Forced sale had bigger impact on bank loans than on high-yield bonds

Transaction cost for forced selling of USD 10m in one day

Source: MSCI analytics based on IHS Markit data. Bid-ask spread and market impact transaction costs for forced liquidation of a holding of USD 10 million in one trading day (weekly data points, 15-day medians). B-rated first- and second-lien U.S. term loans and B-rated U.S. high-yield corporate bonds are included (not limited to constituents of presented indexes). Relevant index levels, relative to their values on Sept. 1, 2018, are shown on the secondary axis.

 

… and the depth shrank

The market size at best price represents the amount that can be liquidated in one trading day at the best bid-ask spread, without incurring any market-impact cost. As a key driver of market impact, the depth at best price is an important liquidity indicator. The exhibit below shows that the depth at best price remained stable for high-yield corporate bonds during the sell-off, while shrinking by 33% for bank loans.

 

Market depth contracted for bank loans

Source: MSCI analytics based on IHS Markit data. Depth at best price for U.S. bank loans and high-yield corporate bonds (weekly data points, 15-day median). Relevant index levels, relative to their values on Sept. 1, 2018, are shown on the secondary axis.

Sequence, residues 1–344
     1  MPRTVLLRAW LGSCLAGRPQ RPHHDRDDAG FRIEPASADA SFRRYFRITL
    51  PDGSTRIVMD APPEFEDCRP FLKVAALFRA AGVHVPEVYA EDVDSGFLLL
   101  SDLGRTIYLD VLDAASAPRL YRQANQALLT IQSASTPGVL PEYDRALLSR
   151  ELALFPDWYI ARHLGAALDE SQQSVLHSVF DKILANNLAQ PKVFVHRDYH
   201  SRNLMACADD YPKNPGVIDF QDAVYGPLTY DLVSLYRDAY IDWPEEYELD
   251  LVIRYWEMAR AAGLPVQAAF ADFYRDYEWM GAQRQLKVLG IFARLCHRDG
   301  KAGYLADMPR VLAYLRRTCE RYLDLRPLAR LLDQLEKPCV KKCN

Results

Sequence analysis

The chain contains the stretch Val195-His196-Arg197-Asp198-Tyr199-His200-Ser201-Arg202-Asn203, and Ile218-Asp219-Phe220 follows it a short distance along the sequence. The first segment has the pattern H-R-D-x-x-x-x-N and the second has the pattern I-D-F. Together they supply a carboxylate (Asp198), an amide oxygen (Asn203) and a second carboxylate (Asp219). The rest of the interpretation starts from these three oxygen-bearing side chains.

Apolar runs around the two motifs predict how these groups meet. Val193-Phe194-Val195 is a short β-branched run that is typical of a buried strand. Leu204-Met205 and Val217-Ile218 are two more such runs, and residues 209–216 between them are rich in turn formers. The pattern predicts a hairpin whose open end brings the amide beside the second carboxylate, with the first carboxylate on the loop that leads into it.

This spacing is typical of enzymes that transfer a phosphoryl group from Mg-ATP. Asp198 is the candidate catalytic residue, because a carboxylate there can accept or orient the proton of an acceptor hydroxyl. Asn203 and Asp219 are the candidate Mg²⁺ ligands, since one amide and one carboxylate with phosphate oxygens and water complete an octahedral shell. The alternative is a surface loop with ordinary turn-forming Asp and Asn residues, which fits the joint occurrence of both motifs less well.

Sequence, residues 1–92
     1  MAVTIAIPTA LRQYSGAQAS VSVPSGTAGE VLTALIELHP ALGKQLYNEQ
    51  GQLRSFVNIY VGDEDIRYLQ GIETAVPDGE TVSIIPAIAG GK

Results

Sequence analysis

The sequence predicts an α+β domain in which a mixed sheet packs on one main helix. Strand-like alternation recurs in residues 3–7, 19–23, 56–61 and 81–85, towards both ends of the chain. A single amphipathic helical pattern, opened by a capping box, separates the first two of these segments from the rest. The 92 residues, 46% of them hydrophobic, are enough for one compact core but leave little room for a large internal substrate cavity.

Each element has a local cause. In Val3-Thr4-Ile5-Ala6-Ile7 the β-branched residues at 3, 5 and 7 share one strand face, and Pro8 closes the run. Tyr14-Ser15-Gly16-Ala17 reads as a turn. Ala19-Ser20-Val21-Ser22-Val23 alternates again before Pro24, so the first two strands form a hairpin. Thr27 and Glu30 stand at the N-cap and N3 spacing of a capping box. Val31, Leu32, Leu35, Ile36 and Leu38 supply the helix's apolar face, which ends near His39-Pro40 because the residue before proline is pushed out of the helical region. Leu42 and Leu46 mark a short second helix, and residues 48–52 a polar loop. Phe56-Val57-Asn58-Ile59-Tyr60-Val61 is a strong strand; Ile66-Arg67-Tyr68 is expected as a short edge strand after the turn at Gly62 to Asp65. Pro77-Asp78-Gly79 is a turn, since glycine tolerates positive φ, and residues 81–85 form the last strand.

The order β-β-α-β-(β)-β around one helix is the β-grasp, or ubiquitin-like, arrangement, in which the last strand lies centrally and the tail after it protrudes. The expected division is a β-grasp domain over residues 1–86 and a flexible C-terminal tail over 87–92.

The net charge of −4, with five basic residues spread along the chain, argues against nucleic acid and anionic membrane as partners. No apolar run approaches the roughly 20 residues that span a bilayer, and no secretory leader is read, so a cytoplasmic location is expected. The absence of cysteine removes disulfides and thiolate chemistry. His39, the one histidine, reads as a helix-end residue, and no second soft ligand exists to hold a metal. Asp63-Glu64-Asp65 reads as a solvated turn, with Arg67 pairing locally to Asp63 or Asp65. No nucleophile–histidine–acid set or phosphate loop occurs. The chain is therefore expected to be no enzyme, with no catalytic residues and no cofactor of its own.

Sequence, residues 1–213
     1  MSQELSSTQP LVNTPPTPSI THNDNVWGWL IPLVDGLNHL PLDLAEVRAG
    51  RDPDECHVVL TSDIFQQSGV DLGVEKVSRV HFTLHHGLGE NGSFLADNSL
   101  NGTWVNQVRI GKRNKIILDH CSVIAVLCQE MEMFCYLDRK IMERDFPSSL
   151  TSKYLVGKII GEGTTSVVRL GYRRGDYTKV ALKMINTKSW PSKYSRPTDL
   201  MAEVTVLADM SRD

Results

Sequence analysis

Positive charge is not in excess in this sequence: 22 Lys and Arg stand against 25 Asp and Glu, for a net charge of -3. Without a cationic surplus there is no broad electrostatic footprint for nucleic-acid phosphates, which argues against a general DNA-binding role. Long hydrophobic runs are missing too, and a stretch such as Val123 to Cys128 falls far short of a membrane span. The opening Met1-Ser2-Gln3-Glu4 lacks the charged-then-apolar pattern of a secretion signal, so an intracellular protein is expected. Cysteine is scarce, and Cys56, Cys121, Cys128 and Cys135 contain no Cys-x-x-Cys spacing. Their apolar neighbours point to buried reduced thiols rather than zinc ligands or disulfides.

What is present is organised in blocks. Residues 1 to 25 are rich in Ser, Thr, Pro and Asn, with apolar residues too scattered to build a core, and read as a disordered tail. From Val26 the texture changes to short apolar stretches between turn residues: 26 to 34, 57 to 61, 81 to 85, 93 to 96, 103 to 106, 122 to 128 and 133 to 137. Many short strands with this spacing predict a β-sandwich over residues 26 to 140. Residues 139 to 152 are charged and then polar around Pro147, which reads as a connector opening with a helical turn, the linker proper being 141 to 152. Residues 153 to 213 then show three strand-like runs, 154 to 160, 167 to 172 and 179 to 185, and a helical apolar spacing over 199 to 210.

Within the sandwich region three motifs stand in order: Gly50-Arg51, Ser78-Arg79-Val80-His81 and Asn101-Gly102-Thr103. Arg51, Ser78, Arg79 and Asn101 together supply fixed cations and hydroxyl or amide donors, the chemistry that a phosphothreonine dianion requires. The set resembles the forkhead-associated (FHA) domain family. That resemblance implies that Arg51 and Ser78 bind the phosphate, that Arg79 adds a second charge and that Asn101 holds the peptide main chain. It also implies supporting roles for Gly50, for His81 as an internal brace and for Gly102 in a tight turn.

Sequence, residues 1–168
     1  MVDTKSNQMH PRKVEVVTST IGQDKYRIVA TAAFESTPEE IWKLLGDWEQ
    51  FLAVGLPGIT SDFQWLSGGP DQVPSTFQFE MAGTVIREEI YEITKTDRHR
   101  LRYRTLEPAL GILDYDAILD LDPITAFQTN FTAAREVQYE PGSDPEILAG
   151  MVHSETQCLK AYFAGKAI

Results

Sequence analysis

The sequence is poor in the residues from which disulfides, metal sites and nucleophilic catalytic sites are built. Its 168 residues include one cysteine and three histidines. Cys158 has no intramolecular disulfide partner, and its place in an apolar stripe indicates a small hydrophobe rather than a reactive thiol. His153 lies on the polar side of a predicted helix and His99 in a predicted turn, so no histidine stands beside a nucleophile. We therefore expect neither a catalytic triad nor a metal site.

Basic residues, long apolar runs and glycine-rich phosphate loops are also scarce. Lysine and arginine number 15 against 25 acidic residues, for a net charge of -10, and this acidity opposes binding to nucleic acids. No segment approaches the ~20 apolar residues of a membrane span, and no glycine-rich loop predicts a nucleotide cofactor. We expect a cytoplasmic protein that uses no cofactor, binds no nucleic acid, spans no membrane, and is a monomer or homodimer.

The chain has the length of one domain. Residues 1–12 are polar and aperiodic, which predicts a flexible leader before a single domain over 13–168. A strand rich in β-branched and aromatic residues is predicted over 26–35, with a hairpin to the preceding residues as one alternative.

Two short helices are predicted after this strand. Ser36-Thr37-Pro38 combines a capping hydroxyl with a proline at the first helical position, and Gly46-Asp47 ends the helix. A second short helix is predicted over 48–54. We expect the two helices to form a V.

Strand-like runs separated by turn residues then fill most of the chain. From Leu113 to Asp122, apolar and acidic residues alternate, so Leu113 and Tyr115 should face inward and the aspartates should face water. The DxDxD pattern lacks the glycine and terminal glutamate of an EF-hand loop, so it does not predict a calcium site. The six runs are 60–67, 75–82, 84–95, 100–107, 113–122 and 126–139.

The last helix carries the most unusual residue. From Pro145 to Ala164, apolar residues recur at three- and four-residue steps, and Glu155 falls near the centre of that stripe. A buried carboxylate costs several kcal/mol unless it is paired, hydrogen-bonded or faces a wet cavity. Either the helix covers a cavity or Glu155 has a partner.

Where is the price?

The quoted-price uncertainty may be a useful indicator that reflects market participants’ confidence about the price of an asset. During periods of market distress, we would expect the uncertainty to increase. In our analysis, we define this uncertainty as the relative standard deviation of quoted bid and ask prices.

The exhibit below shows the evolution of the quoted-price uncertainty during the observed period. The uncertainty is similar for bank loans and high-yield bonds in calm market conditions, as shown in the exhibit below. However, it tripled for bank loans during the height of the sell-off, while only doubling for high-yield bonds.

 

Quoted-price uncertainty surged for bank loans

Source: MSCI analytics using IHS Markit data. Quoted price uncertainty for U.S. bank loans and high-yield corporate bonds, defined as the relative standard deviation of quoted prices (weekly data points, 15-day median). Relevant index levels, relative to their values on Sept. 1, 2018, are shown on the secondary axis.

 

Higher liquidity risk overall

So what does this mean for fixed-income investors? Bank loans’ liquidity decreased dramatically during periods of market distress. This contrasts with normal market conditions, where their median transaction costs were lower and their median market size at best price was higher than those of high-yield bonds. On the other hand, high-yield corporate bonds were only moderately affected by the December 2018 high-yield sell-off. Thus, institutional investors may wish to consider leveraged loans’ higher liquidity risk during market distress.

 

 

Further Reading

Bank loans: Will crisis follow the search for yield?

Leveraged loans: Risks, rewards and investor protections

Venezuela and the specter of recovery risk

Regulation